Snow-covered road - Possibly a normal road, or maybe just a rolled path in the fresh snow. If we're going to choose a path, it might as well be a well-trodden one. Nobody knows for sure what exactly is under the snow, but any road looks more reliable than the lack of it. On a snow-covered road the machinery moves at a normal speed, but the grip is a little worse.

Deserted embankment

Paving stones - Most of the city's streets and pavements are lined with paving stones. Tiles or cobblestones were laid in even rows and knocked into each other. On such a surface, there is virtually nothing to catch the track on hard braking and therefore the probability of skidding increases, but you can gain speed without too much trouble.

Concrete platform of a concrete bunker

Concrete - Due to the high cost of actually pouring such a surface, it is also not often seen in the game. As in the case of paving stones, concrete is not very "skid-proof", but also does not prevent vehicles from reaching their normal speed.

There is no shortage of sand in the desert

Sand - is coarse and rough and gets everywhere. Most desert locations are covered in sand, making it one of the least pleasant surfaces for any tank player. The loose sand slows movement and manoeuvring, and makes vehicles, particularly wheeled vehicles, prone to skidding and rolling down steep gradients.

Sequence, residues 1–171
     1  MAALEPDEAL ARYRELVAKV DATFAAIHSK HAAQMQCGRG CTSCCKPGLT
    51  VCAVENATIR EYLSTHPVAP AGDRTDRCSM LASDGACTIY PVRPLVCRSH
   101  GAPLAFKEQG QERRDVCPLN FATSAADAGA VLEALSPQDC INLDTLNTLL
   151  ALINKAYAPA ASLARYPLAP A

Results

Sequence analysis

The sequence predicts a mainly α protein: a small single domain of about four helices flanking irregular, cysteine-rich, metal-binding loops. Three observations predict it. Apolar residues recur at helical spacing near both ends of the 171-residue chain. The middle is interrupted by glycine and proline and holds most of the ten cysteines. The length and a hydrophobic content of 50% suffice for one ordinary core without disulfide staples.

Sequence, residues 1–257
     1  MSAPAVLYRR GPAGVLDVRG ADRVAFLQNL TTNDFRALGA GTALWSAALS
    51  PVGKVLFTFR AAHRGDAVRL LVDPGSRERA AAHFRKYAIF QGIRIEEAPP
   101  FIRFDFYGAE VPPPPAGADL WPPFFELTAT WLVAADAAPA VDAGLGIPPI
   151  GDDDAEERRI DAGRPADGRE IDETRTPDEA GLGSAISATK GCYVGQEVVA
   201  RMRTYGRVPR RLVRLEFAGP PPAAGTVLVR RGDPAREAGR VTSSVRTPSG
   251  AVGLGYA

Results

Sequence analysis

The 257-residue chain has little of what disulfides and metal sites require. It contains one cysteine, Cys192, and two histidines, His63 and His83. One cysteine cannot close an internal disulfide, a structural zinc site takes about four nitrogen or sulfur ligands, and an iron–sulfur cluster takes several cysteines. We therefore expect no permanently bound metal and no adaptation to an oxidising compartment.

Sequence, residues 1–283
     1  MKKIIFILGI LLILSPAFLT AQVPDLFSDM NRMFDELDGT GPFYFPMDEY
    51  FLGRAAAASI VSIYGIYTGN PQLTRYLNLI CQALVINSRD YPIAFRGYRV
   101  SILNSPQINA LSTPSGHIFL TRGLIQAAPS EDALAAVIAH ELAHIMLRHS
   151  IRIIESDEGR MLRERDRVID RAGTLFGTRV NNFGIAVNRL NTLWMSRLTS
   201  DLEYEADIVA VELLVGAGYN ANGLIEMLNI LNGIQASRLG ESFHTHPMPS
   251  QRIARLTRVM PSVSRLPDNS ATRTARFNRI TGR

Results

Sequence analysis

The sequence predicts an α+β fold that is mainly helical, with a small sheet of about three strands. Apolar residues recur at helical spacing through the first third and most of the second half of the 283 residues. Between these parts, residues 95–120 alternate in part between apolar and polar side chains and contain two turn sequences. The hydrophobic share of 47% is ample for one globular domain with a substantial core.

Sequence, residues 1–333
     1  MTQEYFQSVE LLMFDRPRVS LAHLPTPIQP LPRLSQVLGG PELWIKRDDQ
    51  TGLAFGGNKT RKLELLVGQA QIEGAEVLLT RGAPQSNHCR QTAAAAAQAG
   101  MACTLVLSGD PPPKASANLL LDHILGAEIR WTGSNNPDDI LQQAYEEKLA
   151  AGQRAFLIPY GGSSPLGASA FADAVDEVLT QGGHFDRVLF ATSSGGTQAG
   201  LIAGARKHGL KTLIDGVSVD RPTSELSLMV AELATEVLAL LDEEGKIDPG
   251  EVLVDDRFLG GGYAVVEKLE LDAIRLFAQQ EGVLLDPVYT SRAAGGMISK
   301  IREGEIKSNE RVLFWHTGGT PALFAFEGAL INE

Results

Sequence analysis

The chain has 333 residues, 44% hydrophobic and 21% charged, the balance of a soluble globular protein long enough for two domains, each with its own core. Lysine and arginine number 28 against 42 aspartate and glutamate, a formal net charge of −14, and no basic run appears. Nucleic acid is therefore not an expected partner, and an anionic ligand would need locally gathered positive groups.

Endless dunes are only pleasing to the eye

Sand dunes - get on the tanker's nerves even more than ordinary sand. Sand dunes are formed by sustained winds, but unlike sand that has become frozen, the sand in the dunes is even looser. Sand in dunes has even worse grip and viscosity than ordinary compacted sand, so you should not expect anything good from it.

Fresh, white snow

Snow - Cold, soft, and crunchy. Many people love white, untouched snow, but when heavy steel cars are rushing in this snow, the situation starts to look a little different. It noticeably interferes with the tanks' ability to properly gain speed. When driving in snow, traction is also impaired, which often leads to skidding. Still, better snow than sand.

Shiny and slippery

Ice - equally cold and crisp, but hard almost like stone. A very slippery and hard surface. Ice is not common in the game, but that's no reason to try to get on it. Ice has the worst grip. The heaviest skidding can be achieved on ice, and due to slippage of tracks and tyres, speed is not gained too quickly.

Rock formations

Rocks - Rocky ledges are found here and there in the game and are truly rock hard. Care must be taken when navigating over the rocks, as the grip on the surface is somewhat reduced. Of course, there is no viscosity in the stones, and it allows the tanks to develop speed at a normal pace.

Cold and frozen rocks

Icy rocks - also rock, but even more slippery. Icy rocks pose a danger not only to climbers, but also to inattentive tank drivers. The grip on icy rocks is even worse than on ordinary rocks, though better than on free ice, still you can slip sideways off another rock and end up in a hopeless situation. The speed on icy rocks is also slightly worse than on normal rocks.

Omaha Beach

Water - is not a surface but a medium, but nevertheless it also affects the speed of vehicles. Only fish and skilled swimmers retain their nimbleness in water, but steel tanks and cars do not fall into either category. In water the speed of all land vehicles is seriously reduced (even the amphibious ones), no matter what is on the bottom, even if it is a road. Also, do not get carried away and drive into the depths, because the crew of the vehicle can easily drown.